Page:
How does an employer successfully navigate the line between safety and privacy? The onus is on the employer to create a supportive environment where employees know they can safely disclose any disability (once the offer is in hand) without fear of repercussions. Co-workers, supervisors, and managers can benefit from training to gain information, discover resources, address questions, and learn strategies to overcome any difficulties and misunderstandings. Everyone in the organization should educate themselves on how these illnesses can manifest themselves in the workplace and learn the tools for success. This will head off misunderstandings and help everyone understand why someone may appear apathetic, nervous, restless, or irritable or repeatedly complain about aches and pains.
It’s also very important for employers to carefully follow the Americans with Disabilities Act (ADA), which provides protection from employment discrimination and requires employers to make reasonable accommodations for employees to perform the essential functions of their jobs. Accommodations could be as simple as providing a quiet workspace, job coaching, telecommuting options, flexible schedules, and/or written instructions.
Recently, employees have won verdicts against employers that refuse to make reasonable accommodations. Earlier this year, a jury determined an employer violated the ADA by firing an employee after she asked for a short leave of absence to adjust medications and recover when she found herself suffering from a manic episode. The employer’s refusal resulted in an award of $32,500 for the plaintiff, including punitive damages. This decision illustrates that “an employer can’t stick his head in the ground and claim lack of knowledge” about a disability when he is repeatedly made aware of it. In January, a U.S. District Court in Pennsylvania denied an employer’s request for summary judgment after the employee brought suit, claiming the company failed to make accommodations. The company terminated the employee after he wrote a note to his supervisor seeking help because he was having homicidal thoughts. The case is proceeding to trial. The judge’s memorandum opinion lays clear the issue at heart: “two competing but equally valid public policy interests—the need for a safe workplace, as weighed against the need to accommodate and treat mental illness.” Both cases highlight the need for dialogue between employers and employees to determine the appropriate steps and accommodations to ensure these competing and valid interests are properly handled.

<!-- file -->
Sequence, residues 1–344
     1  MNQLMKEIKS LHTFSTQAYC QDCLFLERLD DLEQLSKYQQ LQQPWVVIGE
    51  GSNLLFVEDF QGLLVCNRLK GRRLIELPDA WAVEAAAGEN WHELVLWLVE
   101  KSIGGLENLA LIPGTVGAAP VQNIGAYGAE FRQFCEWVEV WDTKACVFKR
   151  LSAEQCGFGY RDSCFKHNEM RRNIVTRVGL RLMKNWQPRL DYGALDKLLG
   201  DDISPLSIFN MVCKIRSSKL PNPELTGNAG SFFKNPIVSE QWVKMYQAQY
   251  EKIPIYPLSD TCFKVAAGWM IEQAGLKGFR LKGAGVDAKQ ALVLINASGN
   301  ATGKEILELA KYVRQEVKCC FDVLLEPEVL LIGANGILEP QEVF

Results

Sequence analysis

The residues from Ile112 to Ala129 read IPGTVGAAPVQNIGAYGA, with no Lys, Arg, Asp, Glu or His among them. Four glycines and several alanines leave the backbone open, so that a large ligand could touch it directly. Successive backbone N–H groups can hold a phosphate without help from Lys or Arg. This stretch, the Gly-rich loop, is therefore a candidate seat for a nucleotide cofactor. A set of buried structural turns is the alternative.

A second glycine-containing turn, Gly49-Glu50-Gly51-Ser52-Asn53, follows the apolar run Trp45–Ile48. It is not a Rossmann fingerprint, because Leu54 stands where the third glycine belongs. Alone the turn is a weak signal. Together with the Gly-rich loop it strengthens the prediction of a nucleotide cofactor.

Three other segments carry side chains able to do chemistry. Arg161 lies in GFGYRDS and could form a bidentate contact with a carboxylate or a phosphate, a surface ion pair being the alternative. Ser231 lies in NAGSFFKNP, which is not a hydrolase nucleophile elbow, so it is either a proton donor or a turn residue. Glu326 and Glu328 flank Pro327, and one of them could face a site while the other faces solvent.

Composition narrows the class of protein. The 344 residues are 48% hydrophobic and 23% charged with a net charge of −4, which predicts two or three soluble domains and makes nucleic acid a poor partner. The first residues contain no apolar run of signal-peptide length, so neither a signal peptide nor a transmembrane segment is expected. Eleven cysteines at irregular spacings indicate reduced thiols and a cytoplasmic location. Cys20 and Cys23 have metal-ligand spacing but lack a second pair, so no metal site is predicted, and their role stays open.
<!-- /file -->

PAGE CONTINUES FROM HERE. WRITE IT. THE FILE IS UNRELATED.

Finding the Calm
How can manufacturers serve these two seemingly opposite masters? It starts by having a conversation. Consult counsel, converse with peers, and face it head on. The airline industry has redundancy after redundancy built into its safety protocols, yet these were not enough to protect the passengers and employees on the Germanwings flight in March. The unfortunate tragedy temporarily put the spotlight on mental health and employers’ obligations. The increased scrutiny led the FAA to re-examine their methods, policies, and procedures. Similarly, companies need to evaluate and implement strategies to ensure employees’ total health is addressed.
At the center of any sound and healthy workplace are its people. What’s important for all parties to remember is that a diagnosis of mental illness does not equal a problem. It can be found at any level, from the factory floor to the c-suite. It can be the war veteran, the eager intern, the helpful assistant, or the knowledgeable general counsel. By proactively investing in total employee health, companies are investing in company health, which improves productivity, employee engagement, and profits; protects against litigation; and fosters a positive and safe work environment.